The objective of this overview of systematic reviews was to examine the associations between sleep duration and health outcomes in adults. Four electronic databases were searched in December 2018 for systematic reviews published in the previous 10 years. Included reviews met the a priori determined population (community-dwelling adults aged 18 years and older), intervention/exposure/comparator (various levels of sleep duration), and outcome criteria (14 outcomes examined). To avoid overlap in primary studies, we used a priority list to choose a single review per outcome; reviews that examined the effect of age and those that looked at dose–response were prioritized. A total of 36 systematic reviews were eligible and 11 were included. Reviews included comprised 4 437 101 unique participants from 30 countries. Sleep duration was assessed subjectively in 96% of studies and 78% of studies in the reviews were prospective cohort studies. The dose–response curves showed that the sleep duration that was most favourably associated with health was 7–8 h per day. Modification of the effect by age was not apparent. The quality of the evidence ranged from low to high across health outcomes. In conclusion, the available evidence suggests that a sleep duration of 7–8 h per day is the one most favourably associated with health among adults and older adults. (PROSPERO registration no.: CRD42019119529.)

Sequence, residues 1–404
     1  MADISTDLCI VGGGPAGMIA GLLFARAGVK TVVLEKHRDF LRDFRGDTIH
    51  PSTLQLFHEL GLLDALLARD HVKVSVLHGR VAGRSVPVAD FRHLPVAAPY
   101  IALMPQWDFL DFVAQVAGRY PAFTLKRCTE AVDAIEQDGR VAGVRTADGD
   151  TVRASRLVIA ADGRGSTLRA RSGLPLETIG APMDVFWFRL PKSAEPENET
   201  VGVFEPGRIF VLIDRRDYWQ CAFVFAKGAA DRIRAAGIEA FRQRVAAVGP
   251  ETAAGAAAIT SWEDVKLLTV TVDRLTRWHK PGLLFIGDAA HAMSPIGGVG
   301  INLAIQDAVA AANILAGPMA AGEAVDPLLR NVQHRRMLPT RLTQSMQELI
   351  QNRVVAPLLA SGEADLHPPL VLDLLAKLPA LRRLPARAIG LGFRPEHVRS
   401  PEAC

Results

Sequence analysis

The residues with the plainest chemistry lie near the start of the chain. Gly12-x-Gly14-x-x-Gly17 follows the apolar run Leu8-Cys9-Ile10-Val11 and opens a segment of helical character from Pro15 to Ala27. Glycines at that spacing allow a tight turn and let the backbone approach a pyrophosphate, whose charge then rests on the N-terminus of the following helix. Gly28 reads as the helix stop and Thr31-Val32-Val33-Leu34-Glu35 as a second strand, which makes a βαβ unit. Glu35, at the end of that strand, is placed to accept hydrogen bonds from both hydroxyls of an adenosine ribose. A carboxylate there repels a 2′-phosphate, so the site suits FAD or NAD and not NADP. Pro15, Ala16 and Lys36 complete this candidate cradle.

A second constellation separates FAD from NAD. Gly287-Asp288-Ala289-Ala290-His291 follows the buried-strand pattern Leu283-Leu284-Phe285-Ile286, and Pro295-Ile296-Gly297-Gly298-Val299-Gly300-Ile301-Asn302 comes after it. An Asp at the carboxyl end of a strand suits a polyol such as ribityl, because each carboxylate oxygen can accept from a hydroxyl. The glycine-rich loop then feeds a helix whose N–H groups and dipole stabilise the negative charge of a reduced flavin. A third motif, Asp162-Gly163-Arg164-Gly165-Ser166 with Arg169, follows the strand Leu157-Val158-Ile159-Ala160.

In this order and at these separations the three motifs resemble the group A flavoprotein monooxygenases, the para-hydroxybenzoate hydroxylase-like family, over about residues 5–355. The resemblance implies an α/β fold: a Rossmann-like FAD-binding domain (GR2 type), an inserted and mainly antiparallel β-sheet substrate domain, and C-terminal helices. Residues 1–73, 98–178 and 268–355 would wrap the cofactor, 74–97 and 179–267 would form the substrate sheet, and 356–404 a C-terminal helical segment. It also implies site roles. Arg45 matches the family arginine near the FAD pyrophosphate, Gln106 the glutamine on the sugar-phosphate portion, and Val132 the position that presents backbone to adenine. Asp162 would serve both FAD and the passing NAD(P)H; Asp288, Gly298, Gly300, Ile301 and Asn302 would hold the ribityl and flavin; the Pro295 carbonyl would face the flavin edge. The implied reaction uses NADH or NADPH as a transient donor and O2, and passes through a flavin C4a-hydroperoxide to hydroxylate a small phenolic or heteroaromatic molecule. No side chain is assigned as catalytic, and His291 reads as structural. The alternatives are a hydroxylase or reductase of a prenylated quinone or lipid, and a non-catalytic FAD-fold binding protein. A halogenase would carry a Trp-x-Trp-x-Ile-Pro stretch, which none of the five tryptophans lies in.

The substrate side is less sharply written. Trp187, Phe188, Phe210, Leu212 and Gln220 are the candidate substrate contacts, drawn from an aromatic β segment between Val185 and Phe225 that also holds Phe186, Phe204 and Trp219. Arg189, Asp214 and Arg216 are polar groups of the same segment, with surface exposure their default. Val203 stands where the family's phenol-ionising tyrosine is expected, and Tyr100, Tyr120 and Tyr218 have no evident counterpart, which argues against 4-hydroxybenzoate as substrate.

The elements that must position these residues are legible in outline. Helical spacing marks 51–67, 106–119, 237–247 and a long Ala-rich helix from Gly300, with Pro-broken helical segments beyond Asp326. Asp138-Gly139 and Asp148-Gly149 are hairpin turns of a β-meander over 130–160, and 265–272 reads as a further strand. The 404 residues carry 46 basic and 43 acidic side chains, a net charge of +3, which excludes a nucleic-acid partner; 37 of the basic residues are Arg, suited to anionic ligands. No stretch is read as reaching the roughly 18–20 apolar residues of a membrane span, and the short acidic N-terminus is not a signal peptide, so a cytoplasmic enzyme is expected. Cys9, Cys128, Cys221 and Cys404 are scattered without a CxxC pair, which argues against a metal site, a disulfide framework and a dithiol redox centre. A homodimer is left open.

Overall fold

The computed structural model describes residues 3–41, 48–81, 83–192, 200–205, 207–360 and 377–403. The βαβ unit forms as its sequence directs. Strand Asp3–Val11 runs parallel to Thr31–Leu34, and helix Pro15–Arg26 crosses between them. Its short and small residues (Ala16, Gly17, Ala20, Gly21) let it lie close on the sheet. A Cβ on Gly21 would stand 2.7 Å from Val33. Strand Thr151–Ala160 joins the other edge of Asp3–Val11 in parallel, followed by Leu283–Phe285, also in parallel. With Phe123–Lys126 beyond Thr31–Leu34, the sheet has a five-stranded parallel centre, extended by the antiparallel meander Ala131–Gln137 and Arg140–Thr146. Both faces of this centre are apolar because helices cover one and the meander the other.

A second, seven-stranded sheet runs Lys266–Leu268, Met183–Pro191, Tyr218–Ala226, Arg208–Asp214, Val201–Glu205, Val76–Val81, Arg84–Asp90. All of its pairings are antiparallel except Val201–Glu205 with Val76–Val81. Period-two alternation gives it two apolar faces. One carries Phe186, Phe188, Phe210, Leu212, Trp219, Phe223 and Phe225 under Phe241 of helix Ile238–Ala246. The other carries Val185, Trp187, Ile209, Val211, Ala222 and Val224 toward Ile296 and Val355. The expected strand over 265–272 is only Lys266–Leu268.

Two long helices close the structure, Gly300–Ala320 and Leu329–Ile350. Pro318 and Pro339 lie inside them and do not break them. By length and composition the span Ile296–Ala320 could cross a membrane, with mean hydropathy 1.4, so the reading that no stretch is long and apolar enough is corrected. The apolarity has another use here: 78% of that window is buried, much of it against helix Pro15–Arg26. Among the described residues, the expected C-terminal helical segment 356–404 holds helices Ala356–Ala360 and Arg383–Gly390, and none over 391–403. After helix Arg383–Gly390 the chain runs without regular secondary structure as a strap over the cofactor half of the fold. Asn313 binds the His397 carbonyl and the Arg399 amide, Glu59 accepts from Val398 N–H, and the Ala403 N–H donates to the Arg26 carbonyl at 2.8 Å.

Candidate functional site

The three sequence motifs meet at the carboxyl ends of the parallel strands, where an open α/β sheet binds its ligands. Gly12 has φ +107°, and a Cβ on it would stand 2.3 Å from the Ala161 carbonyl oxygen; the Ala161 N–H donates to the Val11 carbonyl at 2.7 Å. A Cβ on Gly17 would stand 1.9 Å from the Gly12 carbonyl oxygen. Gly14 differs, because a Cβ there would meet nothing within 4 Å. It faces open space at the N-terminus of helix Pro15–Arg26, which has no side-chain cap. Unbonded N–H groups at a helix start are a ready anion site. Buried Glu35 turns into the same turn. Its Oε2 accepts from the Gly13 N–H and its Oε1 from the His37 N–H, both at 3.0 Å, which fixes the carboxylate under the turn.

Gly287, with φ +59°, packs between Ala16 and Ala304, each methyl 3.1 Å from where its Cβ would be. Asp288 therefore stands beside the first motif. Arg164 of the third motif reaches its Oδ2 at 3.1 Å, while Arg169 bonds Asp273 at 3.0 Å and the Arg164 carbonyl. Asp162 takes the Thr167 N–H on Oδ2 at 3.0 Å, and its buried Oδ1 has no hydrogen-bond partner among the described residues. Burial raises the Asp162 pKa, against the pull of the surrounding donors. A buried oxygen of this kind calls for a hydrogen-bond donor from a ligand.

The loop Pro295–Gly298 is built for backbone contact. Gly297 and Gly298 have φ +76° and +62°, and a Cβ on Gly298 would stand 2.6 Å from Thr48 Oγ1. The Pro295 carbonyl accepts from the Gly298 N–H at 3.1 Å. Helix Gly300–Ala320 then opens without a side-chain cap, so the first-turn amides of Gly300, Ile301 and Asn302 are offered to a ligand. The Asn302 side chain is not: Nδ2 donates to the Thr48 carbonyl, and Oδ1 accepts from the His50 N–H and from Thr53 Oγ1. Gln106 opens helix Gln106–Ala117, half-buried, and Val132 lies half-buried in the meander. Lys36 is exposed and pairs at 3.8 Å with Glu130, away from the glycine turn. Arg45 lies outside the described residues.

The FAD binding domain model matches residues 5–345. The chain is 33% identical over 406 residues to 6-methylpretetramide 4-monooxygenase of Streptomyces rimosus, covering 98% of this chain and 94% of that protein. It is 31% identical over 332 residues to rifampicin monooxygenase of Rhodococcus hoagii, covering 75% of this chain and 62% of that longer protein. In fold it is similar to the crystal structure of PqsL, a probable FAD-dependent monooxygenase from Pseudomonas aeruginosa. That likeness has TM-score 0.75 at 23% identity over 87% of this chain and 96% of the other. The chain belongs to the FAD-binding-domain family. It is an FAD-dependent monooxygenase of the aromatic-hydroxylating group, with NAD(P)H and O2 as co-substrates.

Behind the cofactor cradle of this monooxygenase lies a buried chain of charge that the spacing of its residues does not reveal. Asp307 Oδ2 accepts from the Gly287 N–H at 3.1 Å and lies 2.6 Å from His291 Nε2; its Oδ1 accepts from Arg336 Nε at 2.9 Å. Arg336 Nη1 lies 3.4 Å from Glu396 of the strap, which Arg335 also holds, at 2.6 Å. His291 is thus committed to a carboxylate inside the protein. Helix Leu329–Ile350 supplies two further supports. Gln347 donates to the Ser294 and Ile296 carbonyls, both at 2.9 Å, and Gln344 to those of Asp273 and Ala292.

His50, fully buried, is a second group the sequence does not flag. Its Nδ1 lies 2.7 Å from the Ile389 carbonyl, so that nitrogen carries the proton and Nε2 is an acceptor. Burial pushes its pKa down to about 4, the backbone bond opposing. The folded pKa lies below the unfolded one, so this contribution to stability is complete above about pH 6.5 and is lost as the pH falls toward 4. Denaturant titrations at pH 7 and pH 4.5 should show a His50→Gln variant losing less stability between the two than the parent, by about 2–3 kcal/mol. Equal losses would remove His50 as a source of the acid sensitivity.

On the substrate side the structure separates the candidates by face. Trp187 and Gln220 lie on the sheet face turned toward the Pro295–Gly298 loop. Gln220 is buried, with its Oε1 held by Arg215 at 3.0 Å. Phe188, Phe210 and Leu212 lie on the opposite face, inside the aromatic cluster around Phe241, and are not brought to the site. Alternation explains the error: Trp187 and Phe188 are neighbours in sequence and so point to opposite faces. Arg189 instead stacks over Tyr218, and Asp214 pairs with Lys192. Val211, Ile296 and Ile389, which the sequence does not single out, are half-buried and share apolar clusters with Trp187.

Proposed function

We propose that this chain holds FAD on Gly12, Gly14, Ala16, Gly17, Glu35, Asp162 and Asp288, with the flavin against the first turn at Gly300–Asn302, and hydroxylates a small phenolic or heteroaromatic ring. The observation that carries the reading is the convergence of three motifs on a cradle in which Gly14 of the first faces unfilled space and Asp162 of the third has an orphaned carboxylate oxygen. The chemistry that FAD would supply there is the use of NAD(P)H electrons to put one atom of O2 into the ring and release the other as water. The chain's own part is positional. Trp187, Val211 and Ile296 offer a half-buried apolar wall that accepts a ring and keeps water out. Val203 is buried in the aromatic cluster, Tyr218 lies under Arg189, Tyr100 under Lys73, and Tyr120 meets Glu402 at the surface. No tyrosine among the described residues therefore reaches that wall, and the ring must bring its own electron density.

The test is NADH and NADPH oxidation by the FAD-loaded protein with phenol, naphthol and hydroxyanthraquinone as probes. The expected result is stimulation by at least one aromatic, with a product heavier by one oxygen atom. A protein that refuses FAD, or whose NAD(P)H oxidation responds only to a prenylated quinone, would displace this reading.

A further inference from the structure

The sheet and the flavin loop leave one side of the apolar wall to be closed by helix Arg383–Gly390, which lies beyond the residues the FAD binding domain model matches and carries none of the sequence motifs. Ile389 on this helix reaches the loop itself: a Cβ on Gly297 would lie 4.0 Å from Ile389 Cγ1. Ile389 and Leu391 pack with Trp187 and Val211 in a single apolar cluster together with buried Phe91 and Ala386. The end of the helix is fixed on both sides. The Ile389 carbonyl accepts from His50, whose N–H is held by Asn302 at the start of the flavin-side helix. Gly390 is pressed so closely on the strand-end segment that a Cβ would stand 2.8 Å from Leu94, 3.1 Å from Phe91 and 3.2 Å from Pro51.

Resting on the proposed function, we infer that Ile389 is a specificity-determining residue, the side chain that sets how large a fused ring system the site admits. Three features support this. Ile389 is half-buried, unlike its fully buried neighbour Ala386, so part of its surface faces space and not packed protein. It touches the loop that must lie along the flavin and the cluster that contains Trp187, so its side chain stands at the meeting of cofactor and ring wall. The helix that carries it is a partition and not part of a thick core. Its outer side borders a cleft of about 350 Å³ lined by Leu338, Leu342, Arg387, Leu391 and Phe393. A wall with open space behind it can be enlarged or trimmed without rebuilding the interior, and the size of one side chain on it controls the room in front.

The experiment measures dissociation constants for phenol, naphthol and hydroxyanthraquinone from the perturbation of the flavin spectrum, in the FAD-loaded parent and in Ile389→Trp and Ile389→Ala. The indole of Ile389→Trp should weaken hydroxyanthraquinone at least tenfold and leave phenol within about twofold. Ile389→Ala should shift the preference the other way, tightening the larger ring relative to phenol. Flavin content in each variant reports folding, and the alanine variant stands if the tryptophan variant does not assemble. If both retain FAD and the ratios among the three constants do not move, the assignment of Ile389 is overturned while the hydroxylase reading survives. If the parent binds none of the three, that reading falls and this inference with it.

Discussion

Novelty This is the first overview of reviews that examines the influence of sleep duration on a wide range of health outcomes in adults. Seven to 8 h of sleep per day was most favourably associated with health. Effect modification by age was not evident.